It might seem that it is difficult to sink lower than partisan double-think; however, the right-wing manages it with a campaign to replace Jenkins which accepts fake donations. Tom Matzzie stumbled on this, and delivered a hard smack down. The right complains about how it is discriminated against, and yet shows that it’s own objective is to create walled dungeons in academia, where their opponents are unwelcome to even stand and speak.

It was Kennedy who had to explicitly answer why he would be an American first, and not take dictates from any foreign power. It is Prof. Glendon who shows that the right-wing takes such dictates in an attempt to censor and silence, and places America a distant second, if at all, in their calculus.

The Depression that Hayek Built

april-payroll.thumbnail.jpgTo read the British press is to realize how fundamental the failure the theory of libertarian economic thinking has been. In this theory, the wealthy possess a special insight into the allocation of capital, and governments should abandon their role in allocating effort to a small extremely wealthy elite. It was a theory adopted by Iceland, which was lauded for its open laws and "flat tax." It was adopted by Lithuania, and to a lesser extent, by Spain. One country that embraced this idea more than any other, was Ireland, which took neo-liberal policies as virtually a doctrine. It attracted 40% of all American direct foreign investment in Europe, which liked it’s educated English speaking population, proximity to the UK, and low prices. For its part, the government of Ireland threw the doors open. As the Guardian reports by piecing together individual stories the plunge has been swift and dramatic. A new Irish diaspora has begun, as the weight of debt and the utter absence of an internally driven capital system, leaves behind the husk of an economy.

What created this collapse was the pure corruption at the top.  A corruption seen in the expenses scandal now unfolding in Great Britain is destined to topple the ruling New Labor party — as was seen in the borrowing binge of the very wealthy in Ireland. These two pieces are not unconnected: the culture of flowing money lubricated politicians, who naturally saw that its continuation was essential for their own secure life style. This is not an issue of left or right in the context of the age. There was no left, merely a right that wanted slightly more of the money to flow to socially useful causes.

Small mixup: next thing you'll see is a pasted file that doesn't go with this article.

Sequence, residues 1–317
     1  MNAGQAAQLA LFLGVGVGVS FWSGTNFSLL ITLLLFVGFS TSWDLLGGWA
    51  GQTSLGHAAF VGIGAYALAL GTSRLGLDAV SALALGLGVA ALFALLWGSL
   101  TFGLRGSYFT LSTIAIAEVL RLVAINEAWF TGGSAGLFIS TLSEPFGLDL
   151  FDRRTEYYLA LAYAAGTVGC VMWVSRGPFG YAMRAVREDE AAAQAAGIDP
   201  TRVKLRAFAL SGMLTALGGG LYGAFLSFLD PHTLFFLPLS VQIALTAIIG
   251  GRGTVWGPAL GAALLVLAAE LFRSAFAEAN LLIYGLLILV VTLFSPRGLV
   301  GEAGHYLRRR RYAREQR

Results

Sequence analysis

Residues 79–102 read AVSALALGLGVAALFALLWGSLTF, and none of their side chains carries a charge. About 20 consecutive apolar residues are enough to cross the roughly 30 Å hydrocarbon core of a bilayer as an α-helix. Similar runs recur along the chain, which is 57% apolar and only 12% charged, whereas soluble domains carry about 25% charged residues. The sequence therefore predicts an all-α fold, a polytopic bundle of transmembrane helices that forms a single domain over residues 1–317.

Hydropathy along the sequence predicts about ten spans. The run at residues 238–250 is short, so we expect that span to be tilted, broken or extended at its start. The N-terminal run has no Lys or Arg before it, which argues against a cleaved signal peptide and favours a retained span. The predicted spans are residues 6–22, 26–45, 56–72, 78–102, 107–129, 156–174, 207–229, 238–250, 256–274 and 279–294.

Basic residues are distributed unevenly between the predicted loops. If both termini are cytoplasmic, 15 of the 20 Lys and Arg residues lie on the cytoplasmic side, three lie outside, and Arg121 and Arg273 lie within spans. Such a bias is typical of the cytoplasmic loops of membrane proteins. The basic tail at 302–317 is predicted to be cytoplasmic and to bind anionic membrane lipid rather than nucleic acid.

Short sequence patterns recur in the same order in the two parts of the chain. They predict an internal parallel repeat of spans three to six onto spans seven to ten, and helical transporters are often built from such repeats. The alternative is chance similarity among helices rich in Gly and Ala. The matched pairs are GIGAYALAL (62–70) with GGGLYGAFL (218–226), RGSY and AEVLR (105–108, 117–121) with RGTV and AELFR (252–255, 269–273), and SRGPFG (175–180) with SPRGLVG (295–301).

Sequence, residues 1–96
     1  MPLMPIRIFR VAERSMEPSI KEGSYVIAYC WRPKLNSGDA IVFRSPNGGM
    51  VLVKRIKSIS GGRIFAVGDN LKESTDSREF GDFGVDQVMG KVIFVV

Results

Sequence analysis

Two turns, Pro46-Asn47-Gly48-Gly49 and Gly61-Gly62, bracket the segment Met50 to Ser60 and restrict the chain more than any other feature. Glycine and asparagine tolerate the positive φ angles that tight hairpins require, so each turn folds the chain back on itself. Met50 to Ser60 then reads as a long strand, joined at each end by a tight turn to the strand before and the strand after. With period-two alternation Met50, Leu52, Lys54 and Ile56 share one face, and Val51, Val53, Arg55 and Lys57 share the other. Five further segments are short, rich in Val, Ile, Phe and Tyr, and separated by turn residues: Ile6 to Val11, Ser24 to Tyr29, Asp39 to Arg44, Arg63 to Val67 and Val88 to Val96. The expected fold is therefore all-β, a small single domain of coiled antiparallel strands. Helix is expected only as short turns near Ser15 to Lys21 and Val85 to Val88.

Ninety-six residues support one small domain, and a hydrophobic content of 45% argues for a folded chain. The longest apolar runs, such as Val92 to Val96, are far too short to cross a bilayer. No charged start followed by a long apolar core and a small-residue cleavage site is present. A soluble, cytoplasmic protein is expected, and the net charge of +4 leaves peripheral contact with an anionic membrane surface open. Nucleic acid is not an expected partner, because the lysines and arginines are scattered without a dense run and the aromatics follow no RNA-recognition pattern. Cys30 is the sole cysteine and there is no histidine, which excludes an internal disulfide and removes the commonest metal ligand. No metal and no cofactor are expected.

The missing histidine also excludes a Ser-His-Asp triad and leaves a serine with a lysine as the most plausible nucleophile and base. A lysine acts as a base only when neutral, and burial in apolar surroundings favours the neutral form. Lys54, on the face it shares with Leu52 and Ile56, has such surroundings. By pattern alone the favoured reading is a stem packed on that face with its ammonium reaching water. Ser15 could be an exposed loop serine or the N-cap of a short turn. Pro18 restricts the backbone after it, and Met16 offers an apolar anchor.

The aftermath? Spanish unemployment hits 17.4%, that is not a mistake. It is a number that is associated with the Great Depression, or the devastation of the post-war era. An economic bomb has hit what was a go go periphery. Ireland’s economy is projected to contract by a total of 9% this year, with the decline extending into next year. (more…)

The Collapse of the Conservative Order and the Search for a Digital “Westphalia”

At the dawn of the 1600’s, disruptive forces that had torn across Europe in the previous century were to produce a series of military collisions and catastrophes which are known to history as the Thirty Years War. The scale of the destruction was enormous, with some areas losing as much as three quarters of their population to death and dislocation. Over all, the region known as "Germany," not yet a country, lost between 15% and 30% of it’s population.

The disruptive forces included the printing press, which created the ability to disseminate not just information, but control and consent. While the glamorous part of printing includes the book, as much of the ink was spilt on rather more specific instruments, such as dissemination of laws and cases.

One of the consequences of the changes produced a paradox: it became dramatically cheaper to raise and equip an army, but no cheaper to feed it in the field. Thus armies, which had been around 25,000 men through most of the 16th century in Europe ballooned in size, but had to strip the country side bare to stay in the field. The pillaging brought direct and indirect destruction: people weakened by loss of food became easy prey for outbreaks of the epidemic diseases of that time.

With the "Peace of Westphalia," a dismal and chaotic era of European history came to an end. It was not warfare that would end, but the scattered and uncontrolled nature of it. From thence forward, the state would have to be able carry what it could lift.

In our own moment, similar disruption is occurring. Digital communications is most lauded for abstract information storage and retrieval, such as Google or Wolfram Alpha, but more of their impact has been the ability to run world wide grids of finance and production. As with the powers of the Thirty Years War, the world now can create more organization, and more demand, than it can control or carry. (more…)